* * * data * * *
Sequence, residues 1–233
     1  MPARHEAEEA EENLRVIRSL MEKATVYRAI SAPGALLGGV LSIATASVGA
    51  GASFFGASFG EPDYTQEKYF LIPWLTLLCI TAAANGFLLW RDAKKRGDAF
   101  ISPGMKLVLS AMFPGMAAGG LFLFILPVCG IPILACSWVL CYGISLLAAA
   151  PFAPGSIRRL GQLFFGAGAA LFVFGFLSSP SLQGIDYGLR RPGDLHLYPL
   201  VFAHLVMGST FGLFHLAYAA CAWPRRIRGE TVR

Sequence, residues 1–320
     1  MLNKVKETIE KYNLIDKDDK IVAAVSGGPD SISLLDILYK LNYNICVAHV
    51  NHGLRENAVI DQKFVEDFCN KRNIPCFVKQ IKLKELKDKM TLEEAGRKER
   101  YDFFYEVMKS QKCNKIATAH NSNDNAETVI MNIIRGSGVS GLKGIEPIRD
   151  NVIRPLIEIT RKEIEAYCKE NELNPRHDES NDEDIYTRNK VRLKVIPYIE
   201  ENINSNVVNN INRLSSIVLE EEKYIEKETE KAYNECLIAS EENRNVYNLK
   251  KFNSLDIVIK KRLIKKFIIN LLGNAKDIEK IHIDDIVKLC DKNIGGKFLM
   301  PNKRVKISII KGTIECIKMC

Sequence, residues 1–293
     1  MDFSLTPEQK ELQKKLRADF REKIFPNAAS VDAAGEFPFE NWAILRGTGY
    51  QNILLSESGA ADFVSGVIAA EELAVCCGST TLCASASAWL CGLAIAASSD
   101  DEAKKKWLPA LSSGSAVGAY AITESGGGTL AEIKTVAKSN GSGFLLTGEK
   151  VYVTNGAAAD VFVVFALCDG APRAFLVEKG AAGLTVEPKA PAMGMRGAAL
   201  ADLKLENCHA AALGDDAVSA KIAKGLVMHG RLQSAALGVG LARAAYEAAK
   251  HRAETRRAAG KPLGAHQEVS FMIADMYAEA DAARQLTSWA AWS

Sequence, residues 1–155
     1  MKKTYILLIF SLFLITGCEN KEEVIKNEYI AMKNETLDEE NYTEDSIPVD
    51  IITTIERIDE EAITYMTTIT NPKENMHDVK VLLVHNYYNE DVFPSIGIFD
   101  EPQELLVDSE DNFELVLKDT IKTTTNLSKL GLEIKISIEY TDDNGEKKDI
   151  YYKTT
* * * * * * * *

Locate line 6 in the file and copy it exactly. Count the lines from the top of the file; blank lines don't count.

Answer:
   201  VFAHLVMGST FGLFHLAYAA CAWPRRIRGE TVR